Torch run marks bicentennial of AME Church

Photos: Delaware State News/Marc Clery

DOVER — The African Methodist Episcopal Church began celebrations of its 200th year Saturday with a torch run from Dover to Philadelphia, Pennsylvania.

Eighty runners were expected to make the trek which spans approximately 90 miles over a 24 hour period. Starting at the Richard Allen historical marker on the corner of Loockerman and Federal streets in Dover and ending at Mother Bethel AME Church in Philadelphia, runners will have passed through Dover, Smyrna, Townsend, Middletown, New Castle, St. George, Wilmington and Claymont along U.S. 13.

For the first time, the American Cancer Society partnered with a faith-based organization to help bring awareness to the work of ACS. The African Methodist Episcopal Church is delighted that the world’s largest voluntary health organization fighting cancer will serve as a co-sponsor of the event.

Richard Allen, the founder of African Methodism, was sold as a slave to a planter named Stokeley near Dover. It was in Delaware that Mr. Allen was converted under the preaching of Freeborn Garretson, an itinerant preacher of the Methodist Church.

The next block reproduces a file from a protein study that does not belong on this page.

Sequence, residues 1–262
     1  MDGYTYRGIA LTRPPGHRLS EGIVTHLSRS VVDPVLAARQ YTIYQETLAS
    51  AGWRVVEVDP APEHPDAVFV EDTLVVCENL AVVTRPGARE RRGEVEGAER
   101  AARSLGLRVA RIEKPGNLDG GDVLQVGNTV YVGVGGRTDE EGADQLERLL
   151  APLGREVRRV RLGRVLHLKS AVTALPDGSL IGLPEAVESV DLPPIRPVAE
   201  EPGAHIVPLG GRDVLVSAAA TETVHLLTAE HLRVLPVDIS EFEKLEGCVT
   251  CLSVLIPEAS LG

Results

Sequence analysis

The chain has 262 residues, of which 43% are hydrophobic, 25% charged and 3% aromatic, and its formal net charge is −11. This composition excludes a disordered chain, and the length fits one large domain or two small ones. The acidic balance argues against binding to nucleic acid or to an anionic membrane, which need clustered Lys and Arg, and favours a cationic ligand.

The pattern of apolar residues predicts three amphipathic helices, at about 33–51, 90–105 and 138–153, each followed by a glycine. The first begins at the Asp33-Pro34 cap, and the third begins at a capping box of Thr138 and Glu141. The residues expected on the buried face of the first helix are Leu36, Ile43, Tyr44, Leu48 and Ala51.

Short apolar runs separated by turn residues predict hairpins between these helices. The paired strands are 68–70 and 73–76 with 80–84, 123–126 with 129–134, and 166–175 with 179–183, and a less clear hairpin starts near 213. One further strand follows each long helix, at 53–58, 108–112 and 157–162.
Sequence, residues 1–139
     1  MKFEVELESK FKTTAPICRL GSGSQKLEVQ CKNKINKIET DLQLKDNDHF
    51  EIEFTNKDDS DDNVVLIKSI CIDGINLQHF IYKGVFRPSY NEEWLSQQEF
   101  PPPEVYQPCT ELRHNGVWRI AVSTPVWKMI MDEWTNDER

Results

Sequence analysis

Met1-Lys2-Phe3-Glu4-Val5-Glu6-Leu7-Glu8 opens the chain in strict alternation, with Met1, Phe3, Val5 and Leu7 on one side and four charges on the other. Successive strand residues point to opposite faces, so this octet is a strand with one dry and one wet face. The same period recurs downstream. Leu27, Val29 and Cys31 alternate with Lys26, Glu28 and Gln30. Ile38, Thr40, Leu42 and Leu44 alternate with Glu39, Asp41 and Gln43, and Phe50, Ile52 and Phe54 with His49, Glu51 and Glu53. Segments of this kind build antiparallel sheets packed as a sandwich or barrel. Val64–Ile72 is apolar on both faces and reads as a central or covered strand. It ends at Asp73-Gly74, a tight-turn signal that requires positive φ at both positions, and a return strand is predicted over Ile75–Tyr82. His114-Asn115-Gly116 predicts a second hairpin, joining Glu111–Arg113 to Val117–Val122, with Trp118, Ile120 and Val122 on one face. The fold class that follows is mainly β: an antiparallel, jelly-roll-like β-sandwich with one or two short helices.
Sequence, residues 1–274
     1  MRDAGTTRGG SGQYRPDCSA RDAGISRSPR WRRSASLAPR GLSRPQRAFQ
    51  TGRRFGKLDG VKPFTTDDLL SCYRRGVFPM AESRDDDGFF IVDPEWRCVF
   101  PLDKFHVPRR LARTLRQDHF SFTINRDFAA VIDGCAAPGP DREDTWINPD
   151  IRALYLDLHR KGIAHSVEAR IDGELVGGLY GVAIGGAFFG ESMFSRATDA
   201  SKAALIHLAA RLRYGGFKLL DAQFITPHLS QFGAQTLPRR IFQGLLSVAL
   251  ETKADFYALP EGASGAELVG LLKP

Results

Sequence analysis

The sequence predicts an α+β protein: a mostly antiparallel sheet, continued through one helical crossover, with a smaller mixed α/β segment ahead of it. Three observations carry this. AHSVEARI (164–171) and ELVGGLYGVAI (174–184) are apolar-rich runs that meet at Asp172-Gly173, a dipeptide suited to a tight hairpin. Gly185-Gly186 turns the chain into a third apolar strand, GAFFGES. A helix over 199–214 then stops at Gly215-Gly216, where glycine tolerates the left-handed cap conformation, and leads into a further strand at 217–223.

Later, Mr. Allen worked for the Continental Army and purchased his freedom. “In so many ways, he was the first national leader for black people in this nation and was a tireless worker for the well-being of all persons,” said the Rev. Ellis B. Louden, pastor of Mount Zion AME Church in Dover. Mr. Allen advanced the cause of the abolition of slavery and the quality of life for free African-Americans.

Other events planned for the Bicentennial Celebration include the unveiling of the Richard Allen statue and Memorial Courtyard at Mother Bethel AME Church, 419 S. 6th Street, Philadelphia, today at 3 p.m.

The six-foot bronze statue is the first of an African American in Philadelphia. Also, on Monday, at 3 p.m., an unveiling and dedication ceremony of the Richard and Sarah Allen, his wife, mural will happen at the First District Headquarters of the AME Church, 3801 Market St., Philadelphia.

In conjunction with the Philadelphia Mural Arts Program, a colorful painting wraps around the First Episcopal District Headquarters transforming the exterior of the building into a masterful work of contemporary art. AME Church leaders found it most appropriate for the dedication of the permanent installation be on the day Americans commemorate the adoption of the Declaration of Independence, whose promised freedoms Bishop Allen fought to make sure African Americans enjoyed along with all other Americans.

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